- Arts & Entertainment
- Health & Lifestyle
- Bits & Bytes
- Events calendar
Head to the hills!
I do not, I think we will all agree, mince my words and if I am dissatisfied with somewhere or something, I do not tarry to say so. The Lisa McGonigle No Bullshit policy, if you will. While I’d like to think that this adds an emotional honesty to my work, on the flipside it also means that I’m occasionally chastened and embarrassed about things I’ve previously put in print. Case in point: a few months ago, in my March column, I decried my adopted home town of Dunedin, saying what a terrible place it was and how I couldn’t wait to leave. In the two months since, however, my feelings having mellowed considerably towards Dunners, and I must now concede that, well, I was far too hasty in writing it off. For shame!
While the calm and sunny autumnal weather with which we’ve been blessed has certainly helped matters, the main factor in my astonishing volte-face has been taking up mountain-running. Dunedin is a harbour city, encircled by hills, and although I’ve lived here for bang-on two years and have run hundreds if not thousands of kilometres in that time (seriously, I’ve put in some heavy-duty marathon training of late), until recently I’d always stuck to the tarmac (albeit hilly tarmac) rather than heading off-road. The peaks around Dunedin, as far I was concerned, might allow for some mellow overnight tramping, but I largely bypassed them in favour of the main spine of the snow-covered Southern Alps.
But! In the past few months, since my roommate took me on a gut-busting run up part of the Pineapple Track (so called not on account of any bounteous tropical fruit growing along the side, but because the first settlers to Dunedin snacked on tinned pineapple while out walking), I’ve become a total trail-running junkie. Flagstaff, Swampy Summit, Mt Cargill: oh how you lift my heart. I can’t believe I lived in Dunedin for so long without heading up there before. It’s like falling in love with someone you’ve known for a while but had never particularly taken notice of before, or not in that light anyway. You gaze upon them anew, with this silly besotted smile, unable to believe they were right there all along.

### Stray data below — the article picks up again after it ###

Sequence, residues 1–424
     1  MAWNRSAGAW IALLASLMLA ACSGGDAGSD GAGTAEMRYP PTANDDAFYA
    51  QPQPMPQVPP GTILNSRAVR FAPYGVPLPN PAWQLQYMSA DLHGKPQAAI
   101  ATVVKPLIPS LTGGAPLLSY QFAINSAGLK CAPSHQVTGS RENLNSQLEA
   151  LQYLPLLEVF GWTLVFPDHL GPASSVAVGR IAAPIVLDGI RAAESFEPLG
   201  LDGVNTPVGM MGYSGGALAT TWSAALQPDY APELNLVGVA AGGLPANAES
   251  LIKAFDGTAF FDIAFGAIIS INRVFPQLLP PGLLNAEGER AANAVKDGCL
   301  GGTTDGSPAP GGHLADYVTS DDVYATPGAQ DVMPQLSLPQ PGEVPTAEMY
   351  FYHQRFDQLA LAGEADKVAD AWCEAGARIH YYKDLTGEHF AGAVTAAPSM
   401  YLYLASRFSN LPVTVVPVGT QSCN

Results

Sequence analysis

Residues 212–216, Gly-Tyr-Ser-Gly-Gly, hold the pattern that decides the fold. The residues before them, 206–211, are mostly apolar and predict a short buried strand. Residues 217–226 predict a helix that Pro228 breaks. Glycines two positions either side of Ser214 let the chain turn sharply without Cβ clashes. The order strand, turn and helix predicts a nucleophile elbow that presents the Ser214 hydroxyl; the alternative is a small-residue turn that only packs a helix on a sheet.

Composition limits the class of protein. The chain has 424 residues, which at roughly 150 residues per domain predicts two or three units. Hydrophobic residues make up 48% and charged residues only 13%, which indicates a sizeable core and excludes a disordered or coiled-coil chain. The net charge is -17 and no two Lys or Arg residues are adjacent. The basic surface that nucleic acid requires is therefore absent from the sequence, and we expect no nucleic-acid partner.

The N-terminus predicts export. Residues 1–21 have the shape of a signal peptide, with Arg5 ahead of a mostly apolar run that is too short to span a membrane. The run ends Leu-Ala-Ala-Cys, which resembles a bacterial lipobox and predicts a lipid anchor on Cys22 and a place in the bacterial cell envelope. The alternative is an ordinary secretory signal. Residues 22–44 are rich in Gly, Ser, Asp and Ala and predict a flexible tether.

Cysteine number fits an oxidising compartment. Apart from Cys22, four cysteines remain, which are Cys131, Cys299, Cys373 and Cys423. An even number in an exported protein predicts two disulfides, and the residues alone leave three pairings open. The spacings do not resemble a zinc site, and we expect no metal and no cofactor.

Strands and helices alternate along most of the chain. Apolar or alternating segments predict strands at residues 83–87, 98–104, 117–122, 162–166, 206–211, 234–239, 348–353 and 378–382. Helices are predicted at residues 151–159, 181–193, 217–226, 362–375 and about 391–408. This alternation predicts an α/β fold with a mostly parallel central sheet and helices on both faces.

Masochistic a hobby as it might sound, mountain-running, I’ve found, is both incredibly gruelling and incredibly calming at the same time, as rather than struggle against the discomfort, you have to just accept it and relax into it. When distance running, I go through an involuntary emptying out of the mind; I’ve heard this state elsewhere referred to as “flow”, wherein you become so entirely focused on the present moment that everything fades out of mind. It’s like some very strange form of yoga I suppose, and sometimes when running, similar to yogic mantras I find myself fixating on a certain word or phrase, repeating it over and over - yes, occasionally even out loud. (I’m hoping I’m not the only person who goes a bit doolally like this on long runs.) In addition, like many a ski-bum, I am not conventionally religious, but have a sense of the divine, or a higher power, or forces bigger than myself, or whatever you want to call it, as manifested in the glory of the great outdoors and being up in the hills under my own power, be that through running or skiing, feeds body and soul like nothing else.
So! Given my new-found zen and zeal, I’m changing the focus of this column, and instead of continuing to dwell on the migrant experience - or, as the Saw Doctors sang, “all those muddled-up problems of living on a foreign soil” - I’ll henceforth be focusing on the here and now and showcasing the New Zealand outdoors at its finest. To quote from The Wizard of Oz, “if I ever go looking for my heart's desire again, I won't look any further than my own backyard.” (I’m taking a somewhat figurative approach to this, treating the whole of the lower South Island as my backyard.) Up next month, a report from the Three Peaks, a 26km mountain race which - as the name might indicate - goes up and down three of the peaks around Dunedin. Was it as insanely demanding as it sounds? Watch this space.